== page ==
Student Tax Credits for Education - College Tuition Tax Credits
Tax credits are frequently more valuable than tax deductions because credits reduce your tax bill dollar-for-dollar, while deductions only reduce your taxable income.
There are two major education tax credits available to students to help offset the costs of higher education: The American Opportunity Credit and the Lifetime Learning Credit.
The American Opportunity Credit (formerly The Hope Credit)
Of the two education credits currently available, the American Opportunity Credit is the most valuable. The American Opportunity Credit is an expanded version of the Hope Credit, and has been extended through 2017. Here is what you need to know about the American Opportunity Credit:
- The American Opportunity Credit applies only to the first four years of post-secondary school education (college, vocational school, etc.)
- You can claim up to $2,500 per eligible student, per year.
- The credit covers 100% of the first $2,000 of qualified tuition, required fees, and qualified expenses, plus 25% of the next $2,000.
- 40% of the credit is refundable, so you may receive $1,000 per eligible student as a tax refund even if you owe no tax.
- Each student for which you claim the credit must have been enrolled at least half time for at least one academic period which began during the tax year.
- For 2014, the limit on modified adjusted gross income (MAGI) was $180,000 if married filing jointly and $90,000 if single, head of household, or qualifying widow(er). For 2015, the limit on modified adjusted gross income (MAGI) is $160,000 if married filing jointly and $80,000 if single, head of household, or qualifying widow(er).
- You may claim the credit for education expenses you paid for yourself, your spouse, or your dependent; but you may not take the credit for yourself if you are claimed as someone else's dependent.
- Qualified expenses include tuition and required fees, books, supplies, equipment, and other required course materials (but not room and board).
- Any felony drug convictions by the end of 2014 disqualify the student from receiving this credit.
The Lifetime Learning Credit
If you, your spouse, or your dependent do not qualify for the American Opportunity Credit, you may still be able to claim the Lifetime Learning Credit. Here is what you need to know about this education credit:
- The Lifetime Learning Credit applies to undergraduate, graduate, and professional degree courses, and even to post-graduate courses that help improve your job skills.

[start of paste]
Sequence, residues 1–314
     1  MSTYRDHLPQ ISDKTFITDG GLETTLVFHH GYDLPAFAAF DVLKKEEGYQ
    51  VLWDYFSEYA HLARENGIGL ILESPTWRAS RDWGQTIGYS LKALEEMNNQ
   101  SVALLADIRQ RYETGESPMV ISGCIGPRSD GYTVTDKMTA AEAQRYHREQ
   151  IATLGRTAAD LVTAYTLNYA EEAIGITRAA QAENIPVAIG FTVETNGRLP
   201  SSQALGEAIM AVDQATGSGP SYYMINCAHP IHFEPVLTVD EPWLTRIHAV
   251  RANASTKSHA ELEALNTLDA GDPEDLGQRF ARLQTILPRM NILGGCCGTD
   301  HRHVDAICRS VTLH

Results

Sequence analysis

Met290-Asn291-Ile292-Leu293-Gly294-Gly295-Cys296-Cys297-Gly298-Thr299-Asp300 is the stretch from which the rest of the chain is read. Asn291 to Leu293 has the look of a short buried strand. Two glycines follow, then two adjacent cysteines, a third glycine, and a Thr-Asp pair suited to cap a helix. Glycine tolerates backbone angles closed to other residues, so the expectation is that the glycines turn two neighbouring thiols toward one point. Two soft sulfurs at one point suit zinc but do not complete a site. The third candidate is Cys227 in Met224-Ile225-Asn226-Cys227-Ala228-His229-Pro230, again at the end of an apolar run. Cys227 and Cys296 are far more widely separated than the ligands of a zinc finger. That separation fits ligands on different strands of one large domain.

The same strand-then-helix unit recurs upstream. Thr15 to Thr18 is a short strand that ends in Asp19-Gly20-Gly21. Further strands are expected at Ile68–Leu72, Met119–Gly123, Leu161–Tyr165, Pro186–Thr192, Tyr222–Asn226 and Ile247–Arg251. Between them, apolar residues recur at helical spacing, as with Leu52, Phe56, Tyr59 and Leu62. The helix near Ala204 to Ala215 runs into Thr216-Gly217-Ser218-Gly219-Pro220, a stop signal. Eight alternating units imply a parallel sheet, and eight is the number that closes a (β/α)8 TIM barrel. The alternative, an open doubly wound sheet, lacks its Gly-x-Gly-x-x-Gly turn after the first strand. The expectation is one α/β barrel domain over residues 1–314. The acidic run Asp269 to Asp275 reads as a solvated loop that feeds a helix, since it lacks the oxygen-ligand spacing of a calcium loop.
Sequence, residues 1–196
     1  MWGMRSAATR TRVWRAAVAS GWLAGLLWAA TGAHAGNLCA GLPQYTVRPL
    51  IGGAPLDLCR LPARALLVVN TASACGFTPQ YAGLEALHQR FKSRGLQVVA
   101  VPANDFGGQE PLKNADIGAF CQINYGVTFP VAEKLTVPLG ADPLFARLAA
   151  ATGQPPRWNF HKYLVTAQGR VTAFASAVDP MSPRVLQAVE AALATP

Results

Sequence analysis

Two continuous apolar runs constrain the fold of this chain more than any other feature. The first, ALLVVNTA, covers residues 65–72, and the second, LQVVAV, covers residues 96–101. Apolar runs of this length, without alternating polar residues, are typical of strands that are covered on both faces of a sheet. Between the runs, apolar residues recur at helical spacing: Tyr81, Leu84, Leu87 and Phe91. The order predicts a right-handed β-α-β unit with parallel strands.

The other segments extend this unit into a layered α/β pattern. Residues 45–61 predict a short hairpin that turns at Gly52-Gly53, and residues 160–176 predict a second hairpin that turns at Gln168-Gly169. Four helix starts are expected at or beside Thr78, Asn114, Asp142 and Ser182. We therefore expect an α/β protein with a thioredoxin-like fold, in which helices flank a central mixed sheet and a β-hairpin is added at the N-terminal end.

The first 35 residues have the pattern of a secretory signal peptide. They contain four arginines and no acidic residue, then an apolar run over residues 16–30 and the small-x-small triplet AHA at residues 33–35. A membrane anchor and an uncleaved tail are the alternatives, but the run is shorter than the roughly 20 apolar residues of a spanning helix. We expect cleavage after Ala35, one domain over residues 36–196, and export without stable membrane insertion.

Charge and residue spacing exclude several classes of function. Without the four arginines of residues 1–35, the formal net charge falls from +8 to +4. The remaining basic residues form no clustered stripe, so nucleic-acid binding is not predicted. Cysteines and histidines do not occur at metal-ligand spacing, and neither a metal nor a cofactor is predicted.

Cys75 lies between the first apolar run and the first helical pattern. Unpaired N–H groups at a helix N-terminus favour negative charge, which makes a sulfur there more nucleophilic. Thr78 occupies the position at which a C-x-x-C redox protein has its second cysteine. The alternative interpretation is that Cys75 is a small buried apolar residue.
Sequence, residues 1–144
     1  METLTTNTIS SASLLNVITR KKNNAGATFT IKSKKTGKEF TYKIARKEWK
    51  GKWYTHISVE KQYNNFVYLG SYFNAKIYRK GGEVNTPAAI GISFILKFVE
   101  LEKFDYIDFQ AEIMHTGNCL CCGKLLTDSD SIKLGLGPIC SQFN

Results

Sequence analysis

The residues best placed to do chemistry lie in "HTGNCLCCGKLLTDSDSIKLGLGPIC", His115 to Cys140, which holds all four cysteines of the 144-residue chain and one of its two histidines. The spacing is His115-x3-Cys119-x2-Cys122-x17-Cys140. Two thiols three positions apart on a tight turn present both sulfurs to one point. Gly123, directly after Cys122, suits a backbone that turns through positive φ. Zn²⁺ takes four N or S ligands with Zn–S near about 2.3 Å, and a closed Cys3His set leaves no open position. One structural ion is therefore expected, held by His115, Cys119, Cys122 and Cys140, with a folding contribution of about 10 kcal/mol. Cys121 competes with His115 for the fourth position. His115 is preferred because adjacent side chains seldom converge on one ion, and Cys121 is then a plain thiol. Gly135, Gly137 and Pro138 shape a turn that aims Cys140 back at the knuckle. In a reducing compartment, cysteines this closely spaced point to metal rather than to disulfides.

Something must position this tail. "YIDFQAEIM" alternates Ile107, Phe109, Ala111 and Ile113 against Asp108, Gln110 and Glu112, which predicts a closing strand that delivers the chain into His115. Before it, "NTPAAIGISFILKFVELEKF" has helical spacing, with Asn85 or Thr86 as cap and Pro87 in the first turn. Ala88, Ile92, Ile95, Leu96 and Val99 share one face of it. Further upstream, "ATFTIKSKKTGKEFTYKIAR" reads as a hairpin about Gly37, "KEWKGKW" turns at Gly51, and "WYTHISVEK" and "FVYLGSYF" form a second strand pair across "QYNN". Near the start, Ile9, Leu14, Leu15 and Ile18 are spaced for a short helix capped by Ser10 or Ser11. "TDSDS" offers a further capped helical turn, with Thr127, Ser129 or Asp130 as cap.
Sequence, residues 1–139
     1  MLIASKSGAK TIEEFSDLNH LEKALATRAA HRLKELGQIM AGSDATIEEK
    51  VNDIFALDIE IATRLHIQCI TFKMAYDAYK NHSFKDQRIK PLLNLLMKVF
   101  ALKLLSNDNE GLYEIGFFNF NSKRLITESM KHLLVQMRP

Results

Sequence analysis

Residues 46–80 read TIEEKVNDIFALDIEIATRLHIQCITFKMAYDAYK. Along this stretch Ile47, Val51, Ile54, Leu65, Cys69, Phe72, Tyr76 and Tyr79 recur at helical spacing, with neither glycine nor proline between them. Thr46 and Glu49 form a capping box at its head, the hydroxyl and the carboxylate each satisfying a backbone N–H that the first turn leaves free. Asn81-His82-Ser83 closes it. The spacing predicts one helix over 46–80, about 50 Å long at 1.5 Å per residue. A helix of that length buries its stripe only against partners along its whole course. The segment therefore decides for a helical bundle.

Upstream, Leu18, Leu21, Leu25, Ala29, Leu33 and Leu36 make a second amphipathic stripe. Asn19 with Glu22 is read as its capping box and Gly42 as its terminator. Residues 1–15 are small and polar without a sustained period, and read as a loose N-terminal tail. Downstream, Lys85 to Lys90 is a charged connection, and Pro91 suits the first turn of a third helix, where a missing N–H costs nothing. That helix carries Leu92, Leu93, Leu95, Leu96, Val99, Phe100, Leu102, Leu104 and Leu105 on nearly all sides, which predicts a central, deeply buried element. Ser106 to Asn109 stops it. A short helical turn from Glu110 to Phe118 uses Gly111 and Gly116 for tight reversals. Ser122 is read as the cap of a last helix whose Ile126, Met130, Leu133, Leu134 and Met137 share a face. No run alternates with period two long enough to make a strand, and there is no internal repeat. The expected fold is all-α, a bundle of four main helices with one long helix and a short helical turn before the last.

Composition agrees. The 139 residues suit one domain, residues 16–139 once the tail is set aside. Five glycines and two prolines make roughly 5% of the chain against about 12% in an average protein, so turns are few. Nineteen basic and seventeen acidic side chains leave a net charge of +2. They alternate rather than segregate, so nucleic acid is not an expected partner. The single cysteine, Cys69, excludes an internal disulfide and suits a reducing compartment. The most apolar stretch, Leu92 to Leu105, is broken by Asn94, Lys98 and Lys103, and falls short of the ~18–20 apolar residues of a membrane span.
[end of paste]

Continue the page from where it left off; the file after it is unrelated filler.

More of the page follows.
- The credit is available for any and all years of post-secondary education, and also for adult and continuing education courses. There is no limit on how many years you can claim the credit.
- There is no minimum enrollment requirement.
- The amount of your credit will be 20% of the first $10,000 of combined post-secondary tuition and fees you paid, totaling no more than $2,000 (per year, not per student).
- For 2014, the limit on modified adjusted gross income (MAGI) was $127,000 if married filing jointly; $63,000 if single, head of household, or qualifying widow(er). For 2015, the limit on modified adjusted gross income (MAGI) is $110,000 if married filing jointly; $55,000 if single, head of household, or qualifying widow(er).
- The Lifetime Learning Credit is not refundable, so it will not be paid to you in a refund--it simply decreases your tax liability.
- You may claim the credit for qualified expenses you paid for yourself (if you were not claimed as a dependent), your spouse, or your dependent.
- Qualified expenses include tuition, fees, books, supplies, equipment, and other course materials as long as they are required (room and board is not included).
- Felony drug convictions do not make the student ineligible.
Can I Claim Both the American Opportunity Credit and the Lifetime Learning Credit?
You cannot claim both the Lifetime Learning Credit and the American Opportunity Credit for the same student in the same year, but you can claim one credit for one student and the other credit for another student.
Example: You could claim the American Opportunity Credit for each of your two children, and also claim the Lifetime Learning Credit for yourself and for your spouse. Or you could claim the American Opportunity Credit for all four of you, if you all qualified. But you can't claim both credits for the same person in the same year.
Which Student Tax Credit Do I Choose?
Remember that the American Opportunity Credit is generally the more valuable tax credit, but it is only good for the first four years of higher education, and has stricter enrollment requirements. If you qualify for the Lifetime Learning Credit, you can claim it any number of years (but there is a tighter income restriction). Claim the student tax credit that is more beneficial to you for your situation.
Related Student Tax Topics:
Review our student tax guide.
See an overview of student tax benefits you may qualify for.
Learn about tax deductions for students.
Find out about tax-free college savings plans.
Read about common student tax myths and helpful student and beginner tax tips.
Learn about other tax credits and tax deductions you may qualify to claim on your return.
Use our free tax tools to calculate taxes or determine eligibility for certain tax credits.